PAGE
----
Mary Sabat — a registered dietitian, ACE personal trainer, and owner of Body Designs by Mary — explained that eating a more plant-based diet can have numerous benefits, both for your health and for the environment.
“Plant-based diets tend to be rich in nutrients, vitamins, minerals, and fiber while being low in saturated fats and cholesterol,” said Sabat. “By consuming a variety of plant foods, you can obtain a wide range of essential nutrients, including antioxidants, phytochemicals, and beneficial plant compounds.”
According to Sabat, a plant-based diet may be able to reduce your risk for several chronic conditions, including:
In addition, it can help with digestion and weight management.
A plant-based diet is also more environmentally sustainable, she said. “Plant-based diets generally have a lower carbon footprint and require fewer natural resources than animal-based diets.”
“By shifting toward a plant-based diet, you can help reduce the environmental impact of food production and contribute to a more sustainable future,” Sabat concluded.
Whittaker and Sabat said getting started with a plant-based diet doesn’t have to be difficult. Some simple ways you can get started include the following:
“Start by incorporating more plant-based meals into your diet rather than attempting a sudden and drastic change,” suggested Sabat. “Begin with one or two meatless days per week and gradually increase the frequency.”
Add more vegetables and whole grains to your diet
Whittaker suggests aiming to fill half your plate with a variety of colorful fruits and vegetables.
“Try experimenting with different types and cooking methods to discover new flavors,” she advised.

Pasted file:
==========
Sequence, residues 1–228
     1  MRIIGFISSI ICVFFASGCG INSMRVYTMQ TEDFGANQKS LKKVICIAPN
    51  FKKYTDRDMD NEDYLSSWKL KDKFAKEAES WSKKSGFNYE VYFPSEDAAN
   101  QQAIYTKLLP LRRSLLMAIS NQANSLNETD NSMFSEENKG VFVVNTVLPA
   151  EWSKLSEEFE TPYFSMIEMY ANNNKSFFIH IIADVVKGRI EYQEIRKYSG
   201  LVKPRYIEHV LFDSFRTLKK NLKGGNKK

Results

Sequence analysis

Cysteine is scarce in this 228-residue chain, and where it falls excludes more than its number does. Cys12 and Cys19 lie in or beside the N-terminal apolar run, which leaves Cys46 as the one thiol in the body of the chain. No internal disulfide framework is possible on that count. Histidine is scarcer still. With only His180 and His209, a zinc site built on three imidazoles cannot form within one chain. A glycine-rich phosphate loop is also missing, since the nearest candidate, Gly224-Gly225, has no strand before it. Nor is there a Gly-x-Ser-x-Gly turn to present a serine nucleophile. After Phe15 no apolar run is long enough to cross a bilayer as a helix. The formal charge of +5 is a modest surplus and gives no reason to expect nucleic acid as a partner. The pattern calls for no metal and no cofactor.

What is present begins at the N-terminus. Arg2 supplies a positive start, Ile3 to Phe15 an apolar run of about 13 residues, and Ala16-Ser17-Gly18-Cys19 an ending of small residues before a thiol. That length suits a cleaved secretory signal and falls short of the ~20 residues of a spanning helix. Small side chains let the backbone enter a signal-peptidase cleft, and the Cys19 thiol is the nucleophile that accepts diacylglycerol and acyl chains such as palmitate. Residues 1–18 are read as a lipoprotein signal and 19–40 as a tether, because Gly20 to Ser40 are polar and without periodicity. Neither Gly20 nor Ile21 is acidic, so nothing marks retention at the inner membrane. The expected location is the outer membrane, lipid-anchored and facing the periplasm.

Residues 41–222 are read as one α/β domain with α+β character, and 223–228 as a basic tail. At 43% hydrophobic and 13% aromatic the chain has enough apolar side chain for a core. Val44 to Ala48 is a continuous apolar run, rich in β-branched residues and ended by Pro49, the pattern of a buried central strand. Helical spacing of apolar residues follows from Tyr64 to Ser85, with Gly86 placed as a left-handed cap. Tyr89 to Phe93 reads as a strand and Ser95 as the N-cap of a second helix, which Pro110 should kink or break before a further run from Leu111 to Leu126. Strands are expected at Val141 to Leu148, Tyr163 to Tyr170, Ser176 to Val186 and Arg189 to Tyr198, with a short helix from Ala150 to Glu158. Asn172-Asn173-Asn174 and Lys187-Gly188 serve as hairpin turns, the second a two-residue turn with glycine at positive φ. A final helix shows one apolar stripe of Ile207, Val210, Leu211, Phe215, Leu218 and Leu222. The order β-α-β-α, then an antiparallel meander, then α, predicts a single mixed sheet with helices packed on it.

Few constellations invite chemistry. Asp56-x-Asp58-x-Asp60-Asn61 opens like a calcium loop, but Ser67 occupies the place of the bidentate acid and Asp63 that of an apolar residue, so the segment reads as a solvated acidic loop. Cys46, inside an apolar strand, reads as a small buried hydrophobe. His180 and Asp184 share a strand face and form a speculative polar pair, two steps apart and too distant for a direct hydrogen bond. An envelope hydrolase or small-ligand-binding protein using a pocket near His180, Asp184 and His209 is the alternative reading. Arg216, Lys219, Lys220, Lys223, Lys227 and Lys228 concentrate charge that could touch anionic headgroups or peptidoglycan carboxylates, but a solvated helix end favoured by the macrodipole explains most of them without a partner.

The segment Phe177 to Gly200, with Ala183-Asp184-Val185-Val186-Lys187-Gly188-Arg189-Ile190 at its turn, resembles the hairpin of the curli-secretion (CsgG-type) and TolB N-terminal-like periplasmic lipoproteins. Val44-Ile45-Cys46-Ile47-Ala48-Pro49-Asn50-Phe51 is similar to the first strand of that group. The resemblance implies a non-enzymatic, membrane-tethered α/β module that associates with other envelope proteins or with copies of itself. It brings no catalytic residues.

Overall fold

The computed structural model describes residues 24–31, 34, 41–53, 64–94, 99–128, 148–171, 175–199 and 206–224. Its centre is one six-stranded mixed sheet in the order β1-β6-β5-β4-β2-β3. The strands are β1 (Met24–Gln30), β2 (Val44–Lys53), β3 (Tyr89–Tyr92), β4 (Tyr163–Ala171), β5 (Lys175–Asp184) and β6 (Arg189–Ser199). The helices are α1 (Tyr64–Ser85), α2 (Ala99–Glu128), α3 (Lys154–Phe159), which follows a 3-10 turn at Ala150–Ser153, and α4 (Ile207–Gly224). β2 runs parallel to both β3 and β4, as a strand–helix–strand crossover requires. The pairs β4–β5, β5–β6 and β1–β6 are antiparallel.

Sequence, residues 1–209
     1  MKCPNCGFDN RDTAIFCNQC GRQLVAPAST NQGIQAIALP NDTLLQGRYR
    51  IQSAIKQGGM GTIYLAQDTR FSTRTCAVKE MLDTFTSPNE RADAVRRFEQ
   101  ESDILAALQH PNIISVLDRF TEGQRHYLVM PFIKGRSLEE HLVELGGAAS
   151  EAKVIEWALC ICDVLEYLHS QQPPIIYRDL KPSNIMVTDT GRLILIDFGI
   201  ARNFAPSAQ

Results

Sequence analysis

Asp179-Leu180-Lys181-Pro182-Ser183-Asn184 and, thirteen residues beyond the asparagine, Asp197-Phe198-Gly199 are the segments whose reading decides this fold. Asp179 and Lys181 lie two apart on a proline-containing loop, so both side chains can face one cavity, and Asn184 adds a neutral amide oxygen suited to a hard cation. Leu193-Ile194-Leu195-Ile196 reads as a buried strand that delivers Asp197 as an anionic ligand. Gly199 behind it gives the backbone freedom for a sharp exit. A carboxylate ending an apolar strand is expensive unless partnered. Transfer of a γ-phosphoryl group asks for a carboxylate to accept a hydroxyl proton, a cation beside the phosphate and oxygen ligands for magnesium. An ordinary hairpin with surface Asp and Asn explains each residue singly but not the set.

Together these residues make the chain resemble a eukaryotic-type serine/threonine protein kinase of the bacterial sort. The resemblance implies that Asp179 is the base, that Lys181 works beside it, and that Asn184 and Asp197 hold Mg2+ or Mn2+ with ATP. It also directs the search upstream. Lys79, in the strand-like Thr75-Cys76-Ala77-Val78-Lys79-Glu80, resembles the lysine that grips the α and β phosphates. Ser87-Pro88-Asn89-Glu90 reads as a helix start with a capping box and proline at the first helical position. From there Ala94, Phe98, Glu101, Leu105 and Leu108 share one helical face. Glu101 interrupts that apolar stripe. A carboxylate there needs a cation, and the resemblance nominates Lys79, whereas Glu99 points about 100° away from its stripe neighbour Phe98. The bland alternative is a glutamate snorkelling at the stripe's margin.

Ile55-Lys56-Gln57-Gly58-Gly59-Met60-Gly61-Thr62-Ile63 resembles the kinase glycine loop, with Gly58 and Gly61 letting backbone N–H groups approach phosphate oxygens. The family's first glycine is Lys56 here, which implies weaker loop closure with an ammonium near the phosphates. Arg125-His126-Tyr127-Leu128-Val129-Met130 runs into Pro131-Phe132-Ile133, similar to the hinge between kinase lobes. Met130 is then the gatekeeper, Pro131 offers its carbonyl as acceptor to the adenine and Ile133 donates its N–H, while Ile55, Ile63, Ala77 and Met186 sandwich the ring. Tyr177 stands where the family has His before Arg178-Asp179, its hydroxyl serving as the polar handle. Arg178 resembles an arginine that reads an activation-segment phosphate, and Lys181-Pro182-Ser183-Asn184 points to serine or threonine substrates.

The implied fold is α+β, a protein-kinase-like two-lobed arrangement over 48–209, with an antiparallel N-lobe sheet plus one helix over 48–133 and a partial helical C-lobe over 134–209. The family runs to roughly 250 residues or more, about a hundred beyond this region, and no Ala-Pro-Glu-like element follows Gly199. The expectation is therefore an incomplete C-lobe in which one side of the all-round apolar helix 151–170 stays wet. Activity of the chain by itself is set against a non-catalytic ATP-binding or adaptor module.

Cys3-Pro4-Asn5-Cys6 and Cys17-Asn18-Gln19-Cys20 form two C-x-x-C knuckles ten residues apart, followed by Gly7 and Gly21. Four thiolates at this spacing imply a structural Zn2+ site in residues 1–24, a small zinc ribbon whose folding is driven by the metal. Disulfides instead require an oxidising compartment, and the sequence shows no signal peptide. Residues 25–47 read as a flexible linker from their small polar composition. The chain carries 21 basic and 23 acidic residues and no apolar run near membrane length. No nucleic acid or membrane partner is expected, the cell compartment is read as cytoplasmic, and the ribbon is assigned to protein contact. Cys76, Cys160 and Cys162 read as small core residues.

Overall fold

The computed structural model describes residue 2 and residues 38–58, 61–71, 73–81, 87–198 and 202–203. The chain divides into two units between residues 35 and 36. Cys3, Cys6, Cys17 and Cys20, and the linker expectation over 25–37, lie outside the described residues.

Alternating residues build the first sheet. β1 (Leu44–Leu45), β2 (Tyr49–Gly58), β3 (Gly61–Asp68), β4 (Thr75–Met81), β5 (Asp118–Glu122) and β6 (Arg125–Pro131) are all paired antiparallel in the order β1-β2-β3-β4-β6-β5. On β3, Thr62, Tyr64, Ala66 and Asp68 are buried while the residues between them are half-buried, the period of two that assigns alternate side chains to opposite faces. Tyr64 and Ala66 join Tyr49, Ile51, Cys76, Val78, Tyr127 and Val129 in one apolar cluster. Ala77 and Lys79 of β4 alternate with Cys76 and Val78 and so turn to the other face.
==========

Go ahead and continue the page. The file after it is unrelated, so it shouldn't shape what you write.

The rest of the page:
You can also add more whole grains, which are rich in fiber, vitamins, and minerals and help to maintain blood sugar levels.
Reduce your meat consumption
Choose plant-based protein sources instead, like beans, lentils, tofu, tempeh, seitan, and edamame, said Sabat. “These foods are versatile and can be used in a variety of recipes.”
Swap dairy for fortified plant-based alternatives
“Experiment with different plant-based yogurts made from soy, almond, coconut, or other plant sources,” said Whittaker.
She suggests finding options that are fortified with calcium, iodine, vitamin B12, and vitamin D in order to make certain that you are getting enough of these important nutrients.
Plan your meals
Sabat advises planning your meals in advance to make certain that you are eating a balanced and varied diet.
“This can help you stay organized, make grocery shopping easier, and prevent reliance on convenience foods,” she said.
Be mindful of fats
“Limit or avoid saturated and trans fats found in animal products and processed foods,” said Whittaker. Healthier choices include fats from plant sources like avocados, nuts, seeds, and olive oil.
Emphasize whole foods
Sabat suggests including a variety of unprocessed fruits, vegetables, whole grains, legumes, nuts, and seeds to your meals.
“Experiment with different flavors, textures, and cooking methods to make your plant-based meals enjoyable,” she said.
Finally, both Whittaker and Sabat advise that it’s important to educate yourself. There are numerous resources online where you can learn about plant-based nutrition and find recipe ideas. There are also communities you can join to get support and inspiration.